Four Quarter Round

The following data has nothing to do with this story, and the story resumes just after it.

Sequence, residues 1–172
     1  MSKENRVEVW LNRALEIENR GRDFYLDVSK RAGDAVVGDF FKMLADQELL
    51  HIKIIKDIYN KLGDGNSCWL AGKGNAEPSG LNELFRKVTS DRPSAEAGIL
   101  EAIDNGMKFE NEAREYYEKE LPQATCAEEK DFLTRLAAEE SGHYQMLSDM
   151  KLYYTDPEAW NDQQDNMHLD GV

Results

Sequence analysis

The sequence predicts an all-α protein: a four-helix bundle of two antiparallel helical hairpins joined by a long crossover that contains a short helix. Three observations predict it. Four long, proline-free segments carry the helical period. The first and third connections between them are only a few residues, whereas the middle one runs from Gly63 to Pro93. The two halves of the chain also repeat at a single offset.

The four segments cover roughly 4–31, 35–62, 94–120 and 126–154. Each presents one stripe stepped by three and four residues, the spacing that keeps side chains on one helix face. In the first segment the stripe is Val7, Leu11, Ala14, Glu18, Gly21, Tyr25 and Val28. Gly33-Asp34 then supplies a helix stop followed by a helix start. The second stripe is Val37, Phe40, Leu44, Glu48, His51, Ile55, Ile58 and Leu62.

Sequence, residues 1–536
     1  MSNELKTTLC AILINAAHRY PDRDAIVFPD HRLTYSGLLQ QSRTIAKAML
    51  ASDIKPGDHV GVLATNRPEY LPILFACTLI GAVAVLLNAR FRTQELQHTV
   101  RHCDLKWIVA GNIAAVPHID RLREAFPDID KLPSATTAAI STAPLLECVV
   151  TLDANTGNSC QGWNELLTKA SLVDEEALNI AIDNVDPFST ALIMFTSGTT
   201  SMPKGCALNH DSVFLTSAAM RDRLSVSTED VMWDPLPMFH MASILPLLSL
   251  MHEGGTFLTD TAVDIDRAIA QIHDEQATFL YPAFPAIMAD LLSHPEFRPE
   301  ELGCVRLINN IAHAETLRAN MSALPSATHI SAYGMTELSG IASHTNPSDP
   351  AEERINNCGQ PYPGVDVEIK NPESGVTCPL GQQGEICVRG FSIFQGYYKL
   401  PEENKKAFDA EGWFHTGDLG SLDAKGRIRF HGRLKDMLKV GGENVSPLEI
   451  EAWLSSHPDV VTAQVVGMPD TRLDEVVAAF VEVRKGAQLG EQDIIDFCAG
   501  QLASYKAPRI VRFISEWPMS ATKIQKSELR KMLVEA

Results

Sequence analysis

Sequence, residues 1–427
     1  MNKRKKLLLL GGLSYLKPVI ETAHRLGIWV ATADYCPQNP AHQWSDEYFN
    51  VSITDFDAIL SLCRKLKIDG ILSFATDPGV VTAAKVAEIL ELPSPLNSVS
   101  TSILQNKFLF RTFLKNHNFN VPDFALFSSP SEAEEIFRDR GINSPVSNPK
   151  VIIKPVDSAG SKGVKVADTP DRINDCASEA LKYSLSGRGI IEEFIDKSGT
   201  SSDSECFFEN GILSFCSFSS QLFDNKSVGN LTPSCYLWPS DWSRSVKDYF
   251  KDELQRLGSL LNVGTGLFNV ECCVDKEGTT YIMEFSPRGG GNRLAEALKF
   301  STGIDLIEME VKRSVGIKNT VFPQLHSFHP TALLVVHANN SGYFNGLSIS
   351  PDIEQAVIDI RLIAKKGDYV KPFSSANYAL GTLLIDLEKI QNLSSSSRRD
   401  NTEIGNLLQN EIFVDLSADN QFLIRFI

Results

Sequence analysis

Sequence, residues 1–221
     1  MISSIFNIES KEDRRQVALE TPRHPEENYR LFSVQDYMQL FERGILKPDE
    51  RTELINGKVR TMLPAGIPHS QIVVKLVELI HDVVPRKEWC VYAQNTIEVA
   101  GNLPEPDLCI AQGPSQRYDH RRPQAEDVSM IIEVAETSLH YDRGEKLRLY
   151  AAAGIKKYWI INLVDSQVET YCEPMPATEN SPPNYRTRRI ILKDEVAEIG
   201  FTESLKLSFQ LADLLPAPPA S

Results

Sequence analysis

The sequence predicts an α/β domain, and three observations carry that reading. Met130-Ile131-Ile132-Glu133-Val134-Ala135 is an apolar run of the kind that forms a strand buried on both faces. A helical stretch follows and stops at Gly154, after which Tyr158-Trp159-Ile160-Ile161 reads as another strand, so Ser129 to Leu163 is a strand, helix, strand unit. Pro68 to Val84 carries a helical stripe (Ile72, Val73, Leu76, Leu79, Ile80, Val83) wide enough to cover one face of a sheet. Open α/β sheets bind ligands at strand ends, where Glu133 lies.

Four Quarter Round Simon Petepiece Espace Maurice Whoever sings, is said to pray twice. The French-born composer, likely known as Léo prior to ordinance, was the architect of sacred polyphony in the high Medieval era. Magister Léonin (fl. ~1135-1201) wrote polyphony into the sacred sphere, producing codices with nearly 500 extant liturgical settings in the Notre Dame Cathedral in Paris throughout the years of 1163-1190. Its style was of the aptly-named organ (organum, organi; pl. organa). Léonin’s organ was two-voiced, but the gradual development of Gothic polyphonic technique by the innovations of his ambitious begotten pupil Pérotin resulted in three- and four-voice dominance, parallel with the architectural traction of tre- and quatrefoil rosettes in this organ’s “body.” Indeed, the Trinitarian doctrine itself sees its origins in these Gothic proportions: by the 13th century the numerological trinity and quaternity would be housed within triple nave basilicas. Naturally, the mutual relationship between a structure’s anatomical form and its resultant acoustic characteristics has identified itself: both are inherent in the material and spiritual fold of religious ritual. Micro-ornamentation on the macro-scale is imminent through windows, steeples and spires which diffracted the voices reading similarly-adorned stacks of vellum manuscripts. Within the Gothic period of high Medievalism, spaces of worship thus served as a clerical body complete with organs—resonant pipes of metal and those of flesh—which fulfilled the transport of sacred oration in desired exitus-reditus through musical organa. There is a psychic structure within proportional and geometric operations which mathematicians call the “ordinal,” sharing its name with the prescribed liturgical book for rites and prayers of ordination and consecration to the Holy Orders. In Medieval liturgies, ordinals supplied instruction on how to use the other various books necessary to celebrate the liturgy and added rubrical direction to the recitation of the Mass. In these halls, it was necessary to create an atmosphere of exaggerated solemnity and even a certain fear of the Creator’s greatness in reverence. Visual arrangements of frequency and rhythm—articulated through bas-reliefs, windows and pillars/buttresses—fulfilled sacred, social, aesthetic and sonically-functional organization. ******* A high Gothic cathedral’s towers, belfries, steeples and spires point upwards. There are multi-colored reflections of stained glass telling the story of the Gospel. Its intricate architecture is the frozen music. It is characterized by vertical proportions, windows of tre- or quatre-foiled make, pointed arches and external support through buttressing. Through these ornate windows, the execution of the Divine Office begins at 3 a.m. with a Matins office of the quotidian Mass Ordinary. At a cantor or cantrix’s signal, the very first words of the monastic day are orated from one side of the oratory as versicle: Domine labia mea aperies Oh Lord, open thou my lips Once the phrase’s diffractions have sufficiently sprung across the intricate Gothic architecture, a response emits from the cathedral’s opposite side: et os meum adnuntiabit laudem tuam and my mouth shall show forth thy praise After, the cloister resigns to respective chambers for study. Memorization is practiced in a rosary-like fashion of mnemonic arithmetic. Lectio divina or “sacred reading” ensues with the recitation and repetition of each verse, to facilitate contemplation of various interpretations. It is a form of prayer that has often been compared to a cow chewing its cud in ritual rumination. As the crepuscular hour closes at around 5 a.m., the cloister returns to the oratory to sing the office of Lauds. Their focus remains on the cantor or cantrix as they chant the invitatory lines of the office, a verse from Psalm 69: Deus in adiutorium meum intende O God, make speed to save me Domine ad adjuvandum me festina O Lord, make haste to help me ******* The first practitioners of sacred polyphony sang a proportional music which involved a sense of time and a capacity for memorization, as well as a signature “unaffectedness” in its deliverance unto the divine Creator, that is extremely difficult—if not impossible—to imagine outside of such a context. This liturgical sound – traditionally referred to as plainchant, considered the “physical core” of the liturgical word – was rife with a fascination of numerological concern. Its fixation upon proportions and ratios is exemplified through symbols, or “ligatures,” which signified specific mensural groupings of musical notes relative to each other. Rhythm was certainly complex as it is notoriously difficult to translate into modern Western notation due to the intricate implementation of relational devices such as hocketing, polyrhythm and polymeter. In the vertical domain, proportionality of pitch was similarly exhibited with tuning or “dividing” of the octave; the Pythagorean comma being used early to denote a fifth. A chant melody would be harmonized by the same melody or its transposition by consonant interval as the organum, and a lower (tenore) line would be held or stacked. These voices would alternately merge into a single melody through parallel stacking. This early implementation of heterophonic polyphony implements a Medieval harmonic-cadential language highly idiomatic to its time, based on transposition through the operations of three simple and three compound intervals: fourths, fifths, and octaves; octave-plus-fourths, octave-plus-fifths, and double octaves. These fractions also happen to coincide with resultant partials’ intervals found in the harmonic series. A large, ornamented tome full of these glyphs and sigils would be encircled by gathering decryptors, the cloistered worshippers fulfilling the Hours. The cloister, orating the music, weren’t looking at what they were singing, but instead fixating heavenwards. The large tome was to remain before the worshippers so as to ensure obedience unto the holy scripture of the Mass, as well as the complex systems of ligatures which illuminated its delivery. However, a certain meticulousness was to remain intact with this fixation for memorization which proscribed worshippers to rely upon sight-reading its content. Thus we may see the unique problem which plagued the liturgical worship-performance of this time: that of where the eyes must lie. From the worshippers’ azimuth, intricate belfries drew the eye to the heavens—torn open between the flying buttresses and across the decadent clerestories—to beckon the sacred. ༓ Suggested further reading is found largely within contemporary writings of an English student by the name Anonymous IV ca. 1275 which divulges information on Paris organa. The Magnus Liber Organi by Léonin, specifically a well-known Viderunt Omnes Gradual setting for the Mass (which was expanded upon with Pérotin’s four-voiced organum quadruplum Viderunt Omnes), is widely available in recordings. However musical influence on the formation of Gothic Catholic architecture is to be found in the liturgical oeuvres of Léonin, however also by Robert De Sabilon, Pierre De La Croix, Pérotin, John De Garland, and Franco De Cologne; the nascent of sacred polyphony’s spearheading by the nuns of the parallel tradition occurring in the St. Benedict convent in Germany headed by St. Hildegard of Bingen is particularly of note.